Places lived: United States (Illinois, Massachusetts, Michigan, New York, and North Dakota)
Education: Peter holds a PhD in business economics from Harvard University, and a BA in economics from Northwestern University.
Experience: Previously in his career, Peter held leadership roles at a number of organizations: Abundant Venture Partners (business development); Fidelity Investments (SVP); Pyramis Global Advisors (managing director); Fidelity Research Institute (managing director); Bain and Co. (case team leader); and National Economic Research Associates.
Focus: "Innovation and its diffusion. New business development and economic growth. Collaboration to solve industry-wide problems. Optimal design and long-term solvency of benefits systems and healthcare structures."
Intellectual influences: Milton Friedman, Daniel Kahneman, Glenn Hubbard, Thomas Kuhn, Steve Jobs, and Ernest Shackleton.
Turning points: Peter recalls that college was one pivotal turning point. "My father was a minister and we lived in several small Midwestern towns when I was a child. Then I got the opportunity to go to Northwestern and Chicago. The intellectual learning environment and independence was a breath of fresh air." A second turning point came at Harvard. "My dissertation topic addressed how industries can move from a current equilibrium to a superior equilibrium through cooperative effort. The choice I made after completing my PhD was pivotal. Although intrigued by the opportunity to produce additional economic research on these types of topics, I chose to be directly engaged in the leadership of industries and organizations making fundamental transitions, and it has been a very gratifying ride."
Peter's PhD, a joint degree awarded by the economics department and Harvard Business School, is also reflective of someone who doesn't mind crossing borders and blending perspectives. "Glenn Hubbard, who was then a professor at Northwestern, mentored and sponsored me. I knew about the program for several years and when the time came I was ready – to do serious research but also to get my hands dirty. I was a teaching fellow, lecturer, and researcher." Over time Peter become much more extroverted. "I like putting people and disciplines together. That's the way to get things done."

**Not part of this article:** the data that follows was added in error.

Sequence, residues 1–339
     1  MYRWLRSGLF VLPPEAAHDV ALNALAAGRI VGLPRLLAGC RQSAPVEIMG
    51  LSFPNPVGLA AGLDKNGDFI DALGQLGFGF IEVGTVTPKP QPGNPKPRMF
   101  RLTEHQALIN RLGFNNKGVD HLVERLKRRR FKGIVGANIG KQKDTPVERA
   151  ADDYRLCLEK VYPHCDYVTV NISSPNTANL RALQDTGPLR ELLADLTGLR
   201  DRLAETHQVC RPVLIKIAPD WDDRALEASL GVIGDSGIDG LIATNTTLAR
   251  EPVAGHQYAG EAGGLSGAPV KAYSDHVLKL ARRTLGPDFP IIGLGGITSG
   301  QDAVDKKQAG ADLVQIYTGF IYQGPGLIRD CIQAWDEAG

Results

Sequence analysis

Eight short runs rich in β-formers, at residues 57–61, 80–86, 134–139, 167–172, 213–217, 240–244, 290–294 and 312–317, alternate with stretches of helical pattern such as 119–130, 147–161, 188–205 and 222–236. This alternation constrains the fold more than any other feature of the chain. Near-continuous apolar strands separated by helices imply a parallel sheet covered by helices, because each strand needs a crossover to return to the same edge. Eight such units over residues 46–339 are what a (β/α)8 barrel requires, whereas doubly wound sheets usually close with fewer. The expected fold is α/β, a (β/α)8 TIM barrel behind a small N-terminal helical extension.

For most of his life Peter has operated at the crossroads between first class scholarship and the commercial development of new financial products that respond to major shifts in demand. At Fidelity, where he was responsible for growth strategy and innovation, Peter developed a portfolio approach that helps people in retirement, a growing percentage of the US population, draw down their assets in a way that best fits their needs. “Drawing down your retirement funds is probably more complicated than accumulating them,” he says. For several years Peter co-led Fidelity’s strategic new business group. “We needed to relate to all parts of Fidelity in all parts of the world – the asset managers, private equity, non-financial business units, and others. I liked the challenge. And I personally enjoyed the management experience.”
Peter is particularly proud of the work he did designing and launching the Fidelity Research Institute. The approach he took to building the Institute, which became known for its thought leadership and new product ideas, shows how Peter thinks as well as manages. From the start the Institute took a collaborative approach, teaming with outside experts, research institutions, and business partners. Peter also established an advisory board of leaders in a variety of disciplines – behavioral economics, psychology, public policy, investment theory, benefits design, etc. He established a prize that is awarded to a researcher who best advances the concept of lifelong financial security. He also organized a summit in Washington that brought together asset managers, insurance companies, think tanks, employers, and others to grapple with the future of healthcare financing and policy. “I really believe in the power of collaboration. Of course, you can't take collaboration for granted. But if you design it right and get the right people in the room, you have a much better chance of finding new ideas and making progress than if you try to go it alone.”
“Tapestry is a continuation of this thinking for me. Complex problems need multiple perspectives. The power is in bringing together concepts from psychology, systems dynamics, economics, and other disciplines. People need to share their ideas and fight for what they believe, but when you are working on tough issues like financial well being and healthcare, you also need to find new things to believe in.”
Peter is currently serving as a member of the advisory board of the Wharton Pension Research Council, which develops collaborative research on retirement systems in both the public and private sectors.